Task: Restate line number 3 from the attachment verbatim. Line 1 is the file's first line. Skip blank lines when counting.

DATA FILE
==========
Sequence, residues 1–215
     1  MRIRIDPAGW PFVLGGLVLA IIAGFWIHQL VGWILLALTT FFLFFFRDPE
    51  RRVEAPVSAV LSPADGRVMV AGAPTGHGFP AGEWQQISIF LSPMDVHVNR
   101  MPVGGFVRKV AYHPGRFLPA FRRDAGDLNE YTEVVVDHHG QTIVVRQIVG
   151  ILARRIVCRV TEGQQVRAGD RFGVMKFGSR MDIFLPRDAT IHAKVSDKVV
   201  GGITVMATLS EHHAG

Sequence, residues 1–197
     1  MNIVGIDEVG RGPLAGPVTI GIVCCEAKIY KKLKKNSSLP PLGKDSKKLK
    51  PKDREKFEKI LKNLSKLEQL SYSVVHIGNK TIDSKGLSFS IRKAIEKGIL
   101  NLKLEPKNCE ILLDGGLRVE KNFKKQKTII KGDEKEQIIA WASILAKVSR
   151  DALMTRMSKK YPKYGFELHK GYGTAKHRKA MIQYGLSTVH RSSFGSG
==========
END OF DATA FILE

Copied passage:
    51  RRVEAPVSAV LSPADGRVMV AGAPTGHGFP AGEWQQISIF LSPMDVHVNR